const durableObject = init<TurtleGame>(env.TURTLE_GAME_DO).get(id);

  return await, "connect", decodeURIComponent(name));

One big issue I had, or self-made issue, was that I wanted to have a simple API to call my Durable Object. In the end I settled with the above, that I run an init function on a Durable Object Namespace that I can then use to get a specific instance from. The object that I get back exposes a function called "call" that I then use to call specific functions on a Durable Object.

The secret to this sauce here is that I can narrow down the strings that you can pass in to only the functions that return responses from the Durable Object. And if you look very closely you see that I'm able to pass more arguments after the function name.

 async connect(name: string) {
  // ...

But how is this possible, since the Durable Object uses fetch as its API to do requests?

export const init = <ClassDO extends Record<any, any>>(
  ns: DurableObjectNamespace
) => {
  return {
    get: (name: string | DurableObjectId) => {
      const stub =
        typeof name === "string" ? ns.get(ns.idFromName(name)) : ns.get(name);

      return {
        call: <Method extends External<ClassDO>>(
          request: Request,
          method: Method,
          ...args: Parameters<ClassDO[Method]>
        ) => {
          const encodedArgs = encodeURIComponent(JSON.stringify(args));
          return stub.fetch(
            new Request(`https://do/${method}/${encodedArgs}`, {
              method: request.method,
              headers: request.headers,
              body: request.body,
              formData: request.formData,
              redirect: request.redirect,
              bodyUsed: request.bodyUsed,

Short answer: I encode the arguments in the fetch URL (don't do this). This has obvious limitations with that the arguments have to be serializable (which I haven't enforced in any way) and that they aren't too long so that the URL goes above the character limit. However, it works "good enough".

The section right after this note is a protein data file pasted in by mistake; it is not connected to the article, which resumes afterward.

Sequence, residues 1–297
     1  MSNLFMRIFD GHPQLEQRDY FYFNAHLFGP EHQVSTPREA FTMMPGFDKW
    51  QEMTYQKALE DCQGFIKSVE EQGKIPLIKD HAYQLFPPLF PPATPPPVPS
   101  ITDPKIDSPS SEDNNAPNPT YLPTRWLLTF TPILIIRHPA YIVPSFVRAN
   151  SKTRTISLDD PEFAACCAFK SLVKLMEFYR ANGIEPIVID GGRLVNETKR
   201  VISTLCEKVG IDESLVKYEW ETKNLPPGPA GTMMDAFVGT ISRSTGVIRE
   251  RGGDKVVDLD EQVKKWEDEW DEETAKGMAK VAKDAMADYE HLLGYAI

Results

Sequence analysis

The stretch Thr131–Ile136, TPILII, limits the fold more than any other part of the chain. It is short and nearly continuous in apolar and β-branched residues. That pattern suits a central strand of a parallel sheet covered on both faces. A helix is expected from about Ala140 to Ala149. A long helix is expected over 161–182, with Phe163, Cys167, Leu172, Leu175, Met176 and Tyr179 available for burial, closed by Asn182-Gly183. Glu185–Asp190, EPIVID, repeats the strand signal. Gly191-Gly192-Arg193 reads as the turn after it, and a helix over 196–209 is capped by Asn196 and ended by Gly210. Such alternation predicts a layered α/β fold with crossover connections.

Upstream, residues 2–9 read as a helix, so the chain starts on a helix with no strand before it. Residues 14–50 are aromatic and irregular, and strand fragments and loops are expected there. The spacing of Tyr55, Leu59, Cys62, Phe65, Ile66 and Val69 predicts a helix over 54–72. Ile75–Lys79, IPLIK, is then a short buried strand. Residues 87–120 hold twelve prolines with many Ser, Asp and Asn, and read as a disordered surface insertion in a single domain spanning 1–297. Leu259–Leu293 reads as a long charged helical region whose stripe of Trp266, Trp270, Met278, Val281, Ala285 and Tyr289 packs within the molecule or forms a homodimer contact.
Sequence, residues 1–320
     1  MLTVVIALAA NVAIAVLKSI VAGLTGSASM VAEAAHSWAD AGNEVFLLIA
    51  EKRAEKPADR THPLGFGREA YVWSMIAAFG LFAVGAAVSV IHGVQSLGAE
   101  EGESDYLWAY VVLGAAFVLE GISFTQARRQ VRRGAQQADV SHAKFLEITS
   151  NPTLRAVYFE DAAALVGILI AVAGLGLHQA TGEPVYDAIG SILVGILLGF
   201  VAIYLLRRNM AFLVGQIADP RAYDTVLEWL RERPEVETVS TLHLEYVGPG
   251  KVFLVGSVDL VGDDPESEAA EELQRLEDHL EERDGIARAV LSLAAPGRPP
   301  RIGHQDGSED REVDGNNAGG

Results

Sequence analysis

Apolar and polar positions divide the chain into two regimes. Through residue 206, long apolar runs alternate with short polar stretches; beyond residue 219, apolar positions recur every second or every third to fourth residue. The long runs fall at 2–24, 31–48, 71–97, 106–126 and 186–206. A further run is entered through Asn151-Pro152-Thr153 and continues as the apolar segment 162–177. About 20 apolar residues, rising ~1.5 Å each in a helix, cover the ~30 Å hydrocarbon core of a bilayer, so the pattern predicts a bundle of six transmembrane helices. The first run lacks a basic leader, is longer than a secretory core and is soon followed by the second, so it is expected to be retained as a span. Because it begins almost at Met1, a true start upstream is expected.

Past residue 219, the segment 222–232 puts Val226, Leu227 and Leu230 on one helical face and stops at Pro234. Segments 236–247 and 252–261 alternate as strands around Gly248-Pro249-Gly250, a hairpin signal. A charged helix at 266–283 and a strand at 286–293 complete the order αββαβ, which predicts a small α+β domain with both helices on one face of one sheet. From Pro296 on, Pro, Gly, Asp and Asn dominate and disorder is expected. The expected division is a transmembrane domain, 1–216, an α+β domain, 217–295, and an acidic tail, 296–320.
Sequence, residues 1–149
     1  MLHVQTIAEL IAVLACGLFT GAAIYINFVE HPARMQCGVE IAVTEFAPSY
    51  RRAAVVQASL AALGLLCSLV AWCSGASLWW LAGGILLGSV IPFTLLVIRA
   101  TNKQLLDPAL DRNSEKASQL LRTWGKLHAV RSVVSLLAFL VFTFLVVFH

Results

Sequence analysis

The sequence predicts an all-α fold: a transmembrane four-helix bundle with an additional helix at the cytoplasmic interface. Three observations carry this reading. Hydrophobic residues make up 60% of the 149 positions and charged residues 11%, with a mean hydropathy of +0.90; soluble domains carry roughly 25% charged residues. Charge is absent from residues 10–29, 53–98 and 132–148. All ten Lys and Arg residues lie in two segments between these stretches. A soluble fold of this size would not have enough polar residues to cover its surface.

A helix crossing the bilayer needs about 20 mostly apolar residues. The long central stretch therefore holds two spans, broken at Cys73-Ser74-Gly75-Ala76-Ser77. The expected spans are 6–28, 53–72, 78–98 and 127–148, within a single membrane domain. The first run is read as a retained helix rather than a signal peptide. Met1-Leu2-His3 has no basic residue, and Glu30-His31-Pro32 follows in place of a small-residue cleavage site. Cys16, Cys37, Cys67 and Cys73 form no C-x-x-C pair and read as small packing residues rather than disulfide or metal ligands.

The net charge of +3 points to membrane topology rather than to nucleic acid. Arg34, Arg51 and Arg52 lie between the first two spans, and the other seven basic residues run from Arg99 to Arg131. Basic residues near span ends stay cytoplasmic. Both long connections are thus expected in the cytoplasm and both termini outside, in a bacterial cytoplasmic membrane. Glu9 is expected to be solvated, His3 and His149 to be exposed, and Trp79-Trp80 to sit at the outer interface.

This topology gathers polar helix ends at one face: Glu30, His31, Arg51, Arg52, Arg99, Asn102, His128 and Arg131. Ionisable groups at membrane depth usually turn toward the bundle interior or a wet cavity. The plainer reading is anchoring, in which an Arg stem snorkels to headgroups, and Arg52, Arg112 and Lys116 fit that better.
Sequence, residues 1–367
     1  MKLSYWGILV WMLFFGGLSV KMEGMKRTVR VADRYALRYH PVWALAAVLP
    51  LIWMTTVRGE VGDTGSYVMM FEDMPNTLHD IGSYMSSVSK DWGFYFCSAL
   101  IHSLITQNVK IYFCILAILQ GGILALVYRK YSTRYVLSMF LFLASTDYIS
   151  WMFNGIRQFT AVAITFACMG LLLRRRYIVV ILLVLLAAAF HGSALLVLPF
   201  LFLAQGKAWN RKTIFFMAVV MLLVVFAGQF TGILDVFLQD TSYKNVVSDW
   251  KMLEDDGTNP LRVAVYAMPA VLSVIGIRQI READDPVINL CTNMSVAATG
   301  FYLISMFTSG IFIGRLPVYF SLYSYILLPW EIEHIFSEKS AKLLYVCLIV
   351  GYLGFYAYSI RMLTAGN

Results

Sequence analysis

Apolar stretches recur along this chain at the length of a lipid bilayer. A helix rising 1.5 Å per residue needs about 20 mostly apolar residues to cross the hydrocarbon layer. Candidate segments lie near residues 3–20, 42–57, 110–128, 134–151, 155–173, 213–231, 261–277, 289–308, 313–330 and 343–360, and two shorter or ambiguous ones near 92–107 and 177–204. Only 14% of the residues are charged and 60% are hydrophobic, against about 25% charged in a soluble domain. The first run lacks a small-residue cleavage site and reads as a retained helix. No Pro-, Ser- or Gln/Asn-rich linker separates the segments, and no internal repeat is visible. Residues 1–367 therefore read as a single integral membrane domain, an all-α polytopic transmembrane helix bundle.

I thought of passing the arguments in the body, but I can't control if the method is a GET, POST, or whatever. In hindsight maybe it's not so interesting what kind of method is being used and if you're calling functions directly maybe it should just always be a POST. Then I could pass it in the body, and then have the real body being passed as a property on it.

Then on the receiving side it looks like the following.

export class DurableObjectTemplate implements DurableObject {
  async fetch(request: Request): Promise<Response> {
    const url = new URL(request.url);
    const [method, encodedArgs] = url.pathname.split("/").slice(1);
    const args = JSON.parse(decodeURIComponent(encodedArgs));

    // @ts-ignore Here we go!
    return await this[method](...args);

Just use Don't commit heresy like I did.

For the web application it is rather uninteresting. You can look it up in the repository but it mainly listens on the socket connection and updates the local state, then renders it.

Here are some screenshots!


Login screen


Starting field


Turtles get darker the more you stack